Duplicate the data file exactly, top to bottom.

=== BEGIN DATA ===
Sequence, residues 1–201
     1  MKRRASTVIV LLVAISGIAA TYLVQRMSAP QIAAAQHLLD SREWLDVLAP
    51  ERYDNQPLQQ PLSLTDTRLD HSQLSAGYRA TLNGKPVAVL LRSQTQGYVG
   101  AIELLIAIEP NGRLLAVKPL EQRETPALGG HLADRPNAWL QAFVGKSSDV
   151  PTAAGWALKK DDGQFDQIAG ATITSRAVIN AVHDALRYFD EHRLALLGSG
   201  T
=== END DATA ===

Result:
Sequence, residues 1–201
     1  MKRRASTVIV LLVAISGIAA TYLVQRMSAP QIAAAQHLLD SREWLDVLAP
    51  ERYDNQPLQQ PLSLTDTRLD HSQLSAGYRA TLNGKPVAVL LRSQTQGYVG
   101  AIELLIAIEP NGRLLAVKPL EQRETPALGG HLADRPNAWL QAFVGKSSDV
   151  PTAAGWALKK DDGQFDQIAG ATITSRAVIN AVHDALRYFD EHRLALLGSG
   201  T